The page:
In all likelihood The Giant Of Metropolis is one of the greatest peplum-science fiction hybrids from the legendary first wave of the Italian sword-and-sandal genre. As one would guess from the title it merges the two central conceits from Eugène Lourié’s The Colossus of New York (1958) and Fritz Lang’s Metropolis (1927) with lush production design by Eugenio and Mario Bava protégé Giorgio Giovannini and starring roles for Gordon Mitchell, Roldano Lupi as well as Liana Orfei and Cuban belle Bella Cortez. The Giant Of Metropolis begat The Conqueror Of Atlantis (1965) which in turn inspired Luigi Cozzi from everything to StarCrash (1979) and his two Hercules movies with Lou Ferrigno. Everything has a beginning – and while Atlantis in the desert had been done earlier in the form of The Mistress Of Atlantis (1932) and Journey Beneath the Desert (1961) – both based on the 1920 Pierre Benoit novel Atlantida/L’AtlantideThe Giant Of Metropolis was one of the crazier exercises to follow in the footsteps of Pietro Francisci’s The Labors Of Hercules (1957), the first genuine kitschy pulp peplum.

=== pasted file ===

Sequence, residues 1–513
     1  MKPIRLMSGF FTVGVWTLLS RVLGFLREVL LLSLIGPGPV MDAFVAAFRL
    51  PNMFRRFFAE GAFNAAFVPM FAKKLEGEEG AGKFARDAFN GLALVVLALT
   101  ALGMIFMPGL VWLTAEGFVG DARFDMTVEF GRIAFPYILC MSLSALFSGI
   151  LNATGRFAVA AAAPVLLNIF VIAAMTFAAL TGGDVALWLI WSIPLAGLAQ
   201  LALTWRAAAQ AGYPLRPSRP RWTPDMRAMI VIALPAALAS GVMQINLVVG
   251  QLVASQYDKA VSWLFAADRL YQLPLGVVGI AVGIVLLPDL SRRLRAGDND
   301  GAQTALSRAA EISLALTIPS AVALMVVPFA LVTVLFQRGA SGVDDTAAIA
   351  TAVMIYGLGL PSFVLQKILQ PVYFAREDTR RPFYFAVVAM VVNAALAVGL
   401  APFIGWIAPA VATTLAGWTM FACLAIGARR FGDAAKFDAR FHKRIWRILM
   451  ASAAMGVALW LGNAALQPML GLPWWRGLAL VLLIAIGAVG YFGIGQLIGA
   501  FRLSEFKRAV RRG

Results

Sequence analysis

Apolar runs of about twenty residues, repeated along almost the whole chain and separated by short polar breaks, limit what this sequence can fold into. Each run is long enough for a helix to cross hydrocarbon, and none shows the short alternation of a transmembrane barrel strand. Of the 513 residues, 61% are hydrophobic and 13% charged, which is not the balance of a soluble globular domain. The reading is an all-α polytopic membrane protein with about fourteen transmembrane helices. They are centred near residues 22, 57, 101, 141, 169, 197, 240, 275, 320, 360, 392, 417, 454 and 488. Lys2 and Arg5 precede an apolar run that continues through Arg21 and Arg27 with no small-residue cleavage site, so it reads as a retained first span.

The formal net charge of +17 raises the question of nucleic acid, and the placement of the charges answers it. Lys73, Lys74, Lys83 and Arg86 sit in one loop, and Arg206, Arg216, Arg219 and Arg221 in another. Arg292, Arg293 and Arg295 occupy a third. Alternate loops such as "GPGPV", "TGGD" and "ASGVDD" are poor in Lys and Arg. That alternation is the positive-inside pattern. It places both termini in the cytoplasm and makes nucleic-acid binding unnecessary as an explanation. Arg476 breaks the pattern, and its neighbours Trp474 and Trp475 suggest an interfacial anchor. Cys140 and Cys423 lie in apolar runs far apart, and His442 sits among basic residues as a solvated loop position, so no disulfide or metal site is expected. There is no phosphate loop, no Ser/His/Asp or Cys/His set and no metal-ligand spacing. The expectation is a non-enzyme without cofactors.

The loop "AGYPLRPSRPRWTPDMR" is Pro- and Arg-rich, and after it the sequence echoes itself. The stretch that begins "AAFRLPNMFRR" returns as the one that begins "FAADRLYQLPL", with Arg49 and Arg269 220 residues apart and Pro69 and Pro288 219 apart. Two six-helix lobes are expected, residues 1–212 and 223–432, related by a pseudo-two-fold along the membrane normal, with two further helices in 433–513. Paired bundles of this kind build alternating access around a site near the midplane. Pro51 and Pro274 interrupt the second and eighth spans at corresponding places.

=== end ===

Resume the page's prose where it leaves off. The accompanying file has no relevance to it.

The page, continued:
The director of The Giant Of Metropolis was Umberto Scarpelli. Scarpelli worked as an assistant director on 17 movies from 1933 to 1951. From 1941 to 1954 he was employed as a production manager, mostly on comedies, dramas and romances. In the 18 years from 1943 to 1961 Scarpelli co-directed four productions and as a writer he had established himself with David and Goliath (1960), and Fury Of the Barbarians (1960). That The Giant Of Metropolis is his only directing credit that is truly his own should speak volumes. Scarpelli wasn’t exactly a good or particularly talented director. The Giant Of Metropolis was the first Italian production for American strongman Gordon Mitchell and Bella Cortez had crossed paths with Furio Meniconi, Roldano Lupo, and Liana Orfei earlier in The Seven Revenges (1961) and The Tartars (1961) earlier. If The Giant Of Metropolis is remembered for anything it’s the production design by Giorgio Giovannini and the special effects work from Polish surrealist painter Joseph Natanson. Natanson had worked with everybody from Vittorio De Sica, Sergio Leone, Pier Paolo Pasolini, and Franco Zeffirelli to John Huston, Joseph Mankiewicz, Jean-Jacques Annaud, but also exploitation kings as Luigi Cozzi and Lucio Fulci. That producers were going to capitalize on the on-screen pairing of Mitchell and Cortez resulted in the Emimmo Salvi directed Vulcan, Son Of Jupiter (1962) a year later.